I’ve read some of your recommendations, but I want something I can afford. Apple? No way!
Thanks for your readership. And thanks for writing in.
So keep in mind that we simply aim to provide high-quality, free content here that’s designed to potentially help people make more educated investment choices.
These are simply ideas we’re sharing. Nothing is a specific recommendation for a specific person.
In regard to Apple Inc. (AAPL), it may or may not be a good investment for you or anyone else.
But I’m a shareholder (via my FIRE Fund).
A happy shareholder, at that. The stock has appreciated considerably since I started buying. More importantly, the company continues to send me a growing chunk of their growing profit, via cash dividend payments.
And Warren Buffett, who is arguably the greatest investor of all time, has been buying up the stock like crazy over the last couple years.
As you can see in the common stock portfolio that Buffett oversees for Berkshire Hathaway Inc. (BRK.B), Buffett has gone from $0 in Apple holdings to over $50 billion in less than three years.
So you have a pretty good case here for both capital appreciation and capital preservation.
It’s a low-risk play on a global megatrend (smartphones).
And since the buybacks lead to considerably less shares outstanding, this gives Apple even more firepower to increase their dividend payments to shareholders.
You’ve probably noticed I’ve mentioned the word “dividend” twice.
That’s because I’m a dividend growth investor who was able to become financially independent and retire in my early 30s by living below my means and investing my excess capital into high-quality dividend growth stocks.
I’ve even publicly shared how this strategy “saved” my life by publishing my Early Retirement Blueprint, which is a step-by-step guide that just about anyone can follow to an early retirement.
A major component of the Blueprint is, of course, dividend growth investing – a strategy that involves buying up shares in high-quality, world-class businesses that have great fundamentals, competitive advantages, and longstanding track records of paying out rising dividends to shareholders.
You can find more than 800 dividend growth stocks by checking out the Dividend Champions, Contenders, and Challengers list, which has invaluable data on US stocks that have raised dividends each year for at least the last five consecutive years.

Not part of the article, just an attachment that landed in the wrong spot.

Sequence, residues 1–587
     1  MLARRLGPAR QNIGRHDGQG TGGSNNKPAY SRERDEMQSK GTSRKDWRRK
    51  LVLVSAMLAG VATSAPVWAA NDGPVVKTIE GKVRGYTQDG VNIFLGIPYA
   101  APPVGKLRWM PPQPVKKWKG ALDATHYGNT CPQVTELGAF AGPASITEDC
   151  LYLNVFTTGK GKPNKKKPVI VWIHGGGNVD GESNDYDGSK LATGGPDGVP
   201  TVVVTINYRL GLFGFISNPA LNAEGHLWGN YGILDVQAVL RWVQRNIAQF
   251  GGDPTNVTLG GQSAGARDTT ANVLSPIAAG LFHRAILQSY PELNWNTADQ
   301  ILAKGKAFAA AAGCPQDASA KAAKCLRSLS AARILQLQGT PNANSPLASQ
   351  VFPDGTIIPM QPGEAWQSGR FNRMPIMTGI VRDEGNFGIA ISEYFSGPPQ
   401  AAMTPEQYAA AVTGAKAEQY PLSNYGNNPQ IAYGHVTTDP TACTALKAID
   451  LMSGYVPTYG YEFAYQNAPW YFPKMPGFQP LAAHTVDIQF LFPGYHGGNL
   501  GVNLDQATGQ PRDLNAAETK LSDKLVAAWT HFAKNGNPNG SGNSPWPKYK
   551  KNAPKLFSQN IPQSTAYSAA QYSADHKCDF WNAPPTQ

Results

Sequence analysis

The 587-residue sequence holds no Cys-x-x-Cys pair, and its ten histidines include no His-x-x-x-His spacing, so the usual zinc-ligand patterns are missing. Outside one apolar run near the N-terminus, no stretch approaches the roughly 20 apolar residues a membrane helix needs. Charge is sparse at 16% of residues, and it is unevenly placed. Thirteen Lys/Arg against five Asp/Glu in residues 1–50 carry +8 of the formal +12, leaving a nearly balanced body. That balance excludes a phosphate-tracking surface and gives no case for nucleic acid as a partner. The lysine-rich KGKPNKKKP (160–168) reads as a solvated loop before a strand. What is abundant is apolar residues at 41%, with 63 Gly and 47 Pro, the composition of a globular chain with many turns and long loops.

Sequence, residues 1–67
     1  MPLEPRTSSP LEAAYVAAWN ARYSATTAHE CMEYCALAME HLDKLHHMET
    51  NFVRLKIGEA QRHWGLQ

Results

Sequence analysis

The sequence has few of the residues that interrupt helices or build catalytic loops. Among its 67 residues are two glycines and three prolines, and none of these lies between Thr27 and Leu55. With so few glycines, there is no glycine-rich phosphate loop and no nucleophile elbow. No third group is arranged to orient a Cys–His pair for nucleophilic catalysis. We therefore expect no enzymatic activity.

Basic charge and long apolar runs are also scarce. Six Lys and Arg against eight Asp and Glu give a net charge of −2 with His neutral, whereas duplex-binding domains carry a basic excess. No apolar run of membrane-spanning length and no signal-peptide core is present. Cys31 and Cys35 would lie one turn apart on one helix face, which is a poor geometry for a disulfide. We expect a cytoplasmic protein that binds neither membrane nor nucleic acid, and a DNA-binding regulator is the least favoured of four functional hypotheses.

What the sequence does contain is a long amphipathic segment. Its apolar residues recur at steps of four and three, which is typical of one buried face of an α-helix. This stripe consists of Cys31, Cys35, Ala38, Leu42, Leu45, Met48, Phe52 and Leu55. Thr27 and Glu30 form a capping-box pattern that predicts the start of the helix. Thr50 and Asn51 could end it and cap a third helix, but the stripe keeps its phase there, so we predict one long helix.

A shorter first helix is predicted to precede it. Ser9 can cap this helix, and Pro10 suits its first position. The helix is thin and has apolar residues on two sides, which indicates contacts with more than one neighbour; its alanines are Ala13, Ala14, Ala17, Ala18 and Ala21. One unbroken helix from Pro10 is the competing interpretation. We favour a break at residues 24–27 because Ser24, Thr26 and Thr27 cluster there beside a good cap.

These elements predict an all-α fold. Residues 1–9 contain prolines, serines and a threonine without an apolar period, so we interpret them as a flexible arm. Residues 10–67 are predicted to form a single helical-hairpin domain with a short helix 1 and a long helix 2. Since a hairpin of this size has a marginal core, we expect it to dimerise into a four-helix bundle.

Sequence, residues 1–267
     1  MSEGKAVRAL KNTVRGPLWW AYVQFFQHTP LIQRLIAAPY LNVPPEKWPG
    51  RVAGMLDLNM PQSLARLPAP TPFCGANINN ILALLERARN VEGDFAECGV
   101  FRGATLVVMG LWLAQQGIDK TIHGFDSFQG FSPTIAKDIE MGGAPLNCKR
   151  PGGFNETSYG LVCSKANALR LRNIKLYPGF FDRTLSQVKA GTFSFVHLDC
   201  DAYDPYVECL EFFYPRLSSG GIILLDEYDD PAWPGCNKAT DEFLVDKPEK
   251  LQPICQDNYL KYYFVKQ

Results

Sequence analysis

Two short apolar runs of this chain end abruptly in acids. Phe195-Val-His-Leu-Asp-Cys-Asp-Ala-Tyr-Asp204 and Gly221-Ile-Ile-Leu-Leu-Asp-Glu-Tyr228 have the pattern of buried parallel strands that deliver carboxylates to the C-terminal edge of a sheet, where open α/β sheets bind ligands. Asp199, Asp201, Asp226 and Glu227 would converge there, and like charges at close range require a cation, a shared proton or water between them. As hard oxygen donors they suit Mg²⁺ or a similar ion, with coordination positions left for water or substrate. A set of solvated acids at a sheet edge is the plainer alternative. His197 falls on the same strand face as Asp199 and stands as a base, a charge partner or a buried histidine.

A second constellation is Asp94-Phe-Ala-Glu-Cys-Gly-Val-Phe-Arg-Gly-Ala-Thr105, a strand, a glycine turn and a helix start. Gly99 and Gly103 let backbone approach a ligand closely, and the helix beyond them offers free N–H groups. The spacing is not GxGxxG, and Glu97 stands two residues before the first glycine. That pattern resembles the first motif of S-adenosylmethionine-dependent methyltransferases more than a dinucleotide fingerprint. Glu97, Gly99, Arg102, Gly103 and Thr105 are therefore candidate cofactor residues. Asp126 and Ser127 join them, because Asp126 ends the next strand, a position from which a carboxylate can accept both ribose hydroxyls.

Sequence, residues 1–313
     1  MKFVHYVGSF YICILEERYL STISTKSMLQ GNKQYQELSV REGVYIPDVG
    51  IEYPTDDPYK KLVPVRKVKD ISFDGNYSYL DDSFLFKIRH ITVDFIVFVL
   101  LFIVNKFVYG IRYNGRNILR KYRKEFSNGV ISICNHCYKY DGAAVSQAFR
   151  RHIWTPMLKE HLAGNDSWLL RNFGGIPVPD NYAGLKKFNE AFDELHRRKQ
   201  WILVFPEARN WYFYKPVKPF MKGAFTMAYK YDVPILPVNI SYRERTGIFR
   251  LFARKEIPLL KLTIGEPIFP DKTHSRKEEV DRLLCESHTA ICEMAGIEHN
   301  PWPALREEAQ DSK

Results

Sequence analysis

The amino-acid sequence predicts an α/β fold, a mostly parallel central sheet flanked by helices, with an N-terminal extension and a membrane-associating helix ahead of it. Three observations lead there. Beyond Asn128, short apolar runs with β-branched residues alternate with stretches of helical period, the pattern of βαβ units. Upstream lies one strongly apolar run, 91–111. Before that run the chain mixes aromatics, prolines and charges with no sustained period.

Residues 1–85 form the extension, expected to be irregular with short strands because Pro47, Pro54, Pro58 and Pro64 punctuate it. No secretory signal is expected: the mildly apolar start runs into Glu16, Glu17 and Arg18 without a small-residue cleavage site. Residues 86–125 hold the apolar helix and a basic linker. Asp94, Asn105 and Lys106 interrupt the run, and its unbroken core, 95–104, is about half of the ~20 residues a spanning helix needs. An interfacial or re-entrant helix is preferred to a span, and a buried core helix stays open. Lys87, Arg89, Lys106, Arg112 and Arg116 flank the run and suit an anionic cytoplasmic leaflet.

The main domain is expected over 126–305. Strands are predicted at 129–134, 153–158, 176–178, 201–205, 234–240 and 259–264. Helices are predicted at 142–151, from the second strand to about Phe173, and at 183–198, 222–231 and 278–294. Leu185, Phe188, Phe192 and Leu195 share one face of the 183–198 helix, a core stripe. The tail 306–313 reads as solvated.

However, I think it’s important to clear something up very quickly.
Your comment indicates that you’re put off by Apple’s high stock price. As of this writing, it’s trading hands for over $225/share.
But a stock’s price actually matters nil without the context that a stock’s value provides.
As Buffett has said:
“Price is what you pay, value is what you get.”
What this means is that a $225 stock could be cheap, while a $2 stock could be expensive.
That could happen if the $225 stock is worth more than $225, and if the $2 stock is worth less than $2.
If someone asks me to pay $500 for a stock that’s worth $1,000, you’d better bet I’m all over that. To buy a dollar for 50 cents is an investor’s dream.
Likewise, if someone asks me to pay $5 for a stock worth $1, I’m quickly taking a hard pass on that. Paying $1 for 20 cents is a fast track to becoming poor.
It all comes down to what something is actually worth.
Value gives context and meaning to price.
For further perspective on that, fellow contributor Dave Van Knapp put together a fantastic series of articles that discuss dividend growth investing with great depth.
These are his Dividend Growth Investing Lessons, although many of these “lessons” can be applied to investing as a whole (not just dividend growth investing).
One of the articles in that series focuses specifically on valuation, which will add a lot of color to our discussion today.
Furthermore, I personally write an article every Sunday that highlights a compelling dividend growth stock that appears to be undervalued at the time of publication.
These weekly articles can shed additional light on how important valuation is, and how it should be separated from price.
Those articles make up the Undervalued Dividend Growth Stock of the Week series.
So if you’re looking for truly affordable stocks to purchase, that series is a great resource.
I believe it would behoove you to become more familiar with what value means, how to go about estimating intrinsic value, and how it impacts an investment over the long run.
You say you can’t afford Apple, Joe.
Well, I say you can’t afford $2 stock that is worth much less than two dollars.
It’s not about a stock’s sticker price; it’s about what that stock is actually worth.
There’s no time like today to better educate yourself as an investor and start building a better financial future.
I wish you luck and success.
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Disclaimer: Jason Fieber is not a licensed financial advisor, tax professional, or stock broker. Please consult with a licensed investment professional before investing any of your money. If your money is not FDIC insured, it may decline in value. To protect the privacy of our readers, any names published in this article are under aliases. In addition, text may be edited, omitted or paraphrased for grammar or length.